* Your visits to the Cynthiana-Harrison County Museum, the Smithsonian ‘Journey Stories’ exhibit, and the related speakers and activities are anticipated and encouraged. No charge for admission.
* On Saturday, Aug. 13, Jon Hagee as a Colonial Balladeer will present Traditional Irish and Scottish Folk music in the public library’s community room at 10 a.m.
Andy Barnes has worked cooperatively with the University of Kentucky in raising nearly 500 mums at his home in Sunrise. The plot includes several kinds and colors for interested consumers.
On Monday, Aug. 22 at 6 p.m. there will be a meeting and a dinner at his plot. The location is 3201 KY Hwy 1284 E. His plot is just down from the old Sunrise School. If anyone would like to visit the plot and receive information on how to grow mums, plan to come and see this example of growing a different crop in Harrison County.
Corn has been a staple food for centuries. It was first cultivated by Indian peoples in Central America; in fact, the adoption of agriculture and the art of cultivating gave way to the grand cities of the Aztec and Mayans.
What would the world be without corn and potatoes, both of which were first cultivated in Central America?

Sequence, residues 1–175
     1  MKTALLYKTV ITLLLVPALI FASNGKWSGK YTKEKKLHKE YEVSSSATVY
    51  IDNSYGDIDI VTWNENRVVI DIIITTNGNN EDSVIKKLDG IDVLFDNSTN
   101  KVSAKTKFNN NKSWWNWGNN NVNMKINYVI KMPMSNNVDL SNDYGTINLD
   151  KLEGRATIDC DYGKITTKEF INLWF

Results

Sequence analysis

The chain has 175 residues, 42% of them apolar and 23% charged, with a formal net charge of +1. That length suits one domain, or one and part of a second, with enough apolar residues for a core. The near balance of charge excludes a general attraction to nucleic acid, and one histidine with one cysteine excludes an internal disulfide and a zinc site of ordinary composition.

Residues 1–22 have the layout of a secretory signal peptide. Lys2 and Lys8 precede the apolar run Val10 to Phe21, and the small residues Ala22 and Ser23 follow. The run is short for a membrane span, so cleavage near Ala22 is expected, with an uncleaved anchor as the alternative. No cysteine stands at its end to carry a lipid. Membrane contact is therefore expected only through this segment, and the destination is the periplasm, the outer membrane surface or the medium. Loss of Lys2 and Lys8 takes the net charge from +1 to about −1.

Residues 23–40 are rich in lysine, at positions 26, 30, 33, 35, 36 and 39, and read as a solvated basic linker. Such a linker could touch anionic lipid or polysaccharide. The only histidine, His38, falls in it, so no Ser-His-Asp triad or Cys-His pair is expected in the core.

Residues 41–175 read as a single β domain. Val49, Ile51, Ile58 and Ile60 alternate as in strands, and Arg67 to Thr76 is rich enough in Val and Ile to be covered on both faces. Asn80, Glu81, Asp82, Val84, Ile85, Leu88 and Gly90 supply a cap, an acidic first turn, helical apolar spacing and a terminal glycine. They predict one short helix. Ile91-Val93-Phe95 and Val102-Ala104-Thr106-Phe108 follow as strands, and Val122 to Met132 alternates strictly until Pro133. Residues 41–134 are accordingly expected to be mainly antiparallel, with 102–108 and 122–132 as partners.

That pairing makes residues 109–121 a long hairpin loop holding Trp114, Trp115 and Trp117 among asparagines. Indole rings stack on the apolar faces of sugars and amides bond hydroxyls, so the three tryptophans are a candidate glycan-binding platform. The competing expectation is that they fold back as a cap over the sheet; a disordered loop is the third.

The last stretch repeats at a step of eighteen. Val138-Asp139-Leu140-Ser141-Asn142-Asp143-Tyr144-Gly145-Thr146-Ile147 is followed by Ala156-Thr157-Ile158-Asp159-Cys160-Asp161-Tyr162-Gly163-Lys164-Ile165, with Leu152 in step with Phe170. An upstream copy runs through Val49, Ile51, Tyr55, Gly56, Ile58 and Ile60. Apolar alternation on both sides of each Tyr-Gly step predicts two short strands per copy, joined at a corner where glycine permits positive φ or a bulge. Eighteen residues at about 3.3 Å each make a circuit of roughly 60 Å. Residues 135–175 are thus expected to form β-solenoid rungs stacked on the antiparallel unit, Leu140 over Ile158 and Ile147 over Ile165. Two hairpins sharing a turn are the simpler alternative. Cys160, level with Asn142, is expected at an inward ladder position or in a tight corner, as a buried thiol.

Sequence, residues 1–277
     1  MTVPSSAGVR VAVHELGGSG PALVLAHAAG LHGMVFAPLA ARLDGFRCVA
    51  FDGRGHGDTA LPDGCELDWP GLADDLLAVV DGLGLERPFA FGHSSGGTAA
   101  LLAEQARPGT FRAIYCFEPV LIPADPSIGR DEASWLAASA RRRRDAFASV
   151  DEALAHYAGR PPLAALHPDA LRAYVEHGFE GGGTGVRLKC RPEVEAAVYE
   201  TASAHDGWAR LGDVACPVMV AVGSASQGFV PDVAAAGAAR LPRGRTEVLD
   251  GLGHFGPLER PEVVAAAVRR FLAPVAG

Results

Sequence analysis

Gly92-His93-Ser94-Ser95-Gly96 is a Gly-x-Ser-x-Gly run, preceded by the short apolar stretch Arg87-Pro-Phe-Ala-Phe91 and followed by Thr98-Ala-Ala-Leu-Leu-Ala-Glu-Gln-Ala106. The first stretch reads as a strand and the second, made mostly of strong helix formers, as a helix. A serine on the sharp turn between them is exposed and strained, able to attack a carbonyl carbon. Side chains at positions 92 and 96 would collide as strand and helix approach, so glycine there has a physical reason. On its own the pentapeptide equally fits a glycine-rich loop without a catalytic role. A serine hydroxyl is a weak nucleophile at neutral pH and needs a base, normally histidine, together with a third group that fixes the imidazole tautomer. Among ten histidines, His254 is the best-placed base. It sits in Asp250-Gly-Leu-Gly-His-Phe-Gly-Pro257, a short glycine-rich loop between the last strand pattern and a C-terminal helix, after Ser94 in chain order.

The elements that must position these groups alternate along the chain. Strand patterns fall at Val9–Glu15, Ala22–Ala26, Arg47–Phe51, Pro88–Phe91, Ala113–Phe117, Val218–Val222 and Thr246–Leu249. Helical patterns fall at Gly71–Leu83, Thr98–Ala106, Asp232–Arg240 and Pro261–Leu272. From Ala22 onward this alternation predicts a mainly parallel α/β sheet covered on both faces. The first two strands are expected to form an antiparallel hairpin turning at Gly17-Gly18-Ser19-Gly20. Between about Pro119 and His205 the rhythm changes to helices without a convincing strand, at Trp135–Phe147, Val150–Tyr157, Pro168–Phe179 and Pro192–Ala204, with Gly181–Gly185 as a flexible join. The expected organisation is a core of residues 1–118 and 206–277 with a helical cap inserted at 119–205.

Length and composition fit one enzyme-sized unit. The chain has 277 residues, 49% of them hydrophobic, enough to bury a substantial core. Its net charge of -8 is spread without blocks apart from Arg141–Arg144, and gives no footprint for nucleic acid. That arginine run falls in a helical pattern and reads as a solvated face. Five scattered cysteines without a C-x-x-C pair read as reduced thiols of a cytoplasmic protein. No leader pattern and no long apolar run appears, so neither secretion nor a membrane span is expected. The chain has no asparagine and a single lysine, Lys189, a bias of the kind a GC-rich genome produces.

Modern corn derived from teosinte, a far less productive genetic relative. Teosinte is a wild grass that has small female spikes made up of encased seeds; modern corn forms ears instead.
Agriculture Secretary Tom Vilsack announces that a high demand for guaranteed farm ownership and direct farm operating funds has prompted USDA to transfer appropriated funds between programs as authorized by law, to meet the urgent credit needs of producers, including beginning and minority farmers and ranchers.
The Harrison County Thorobreds football squad returned Monday from a long weekend camp held at Campbellsville University.
Forty-four upper classmen and four freshmen attended the camp which began at 8 p.m. Friday and wrapped up at noon on Monday.
The sessions were dictated by the weather somewhat as the Breds practiced at 6 and 10 a.m. and at 8 p.m. to avoid the heat as much as possible.
There were chalk sessions in the afternoons when it was too warm to work outdoors.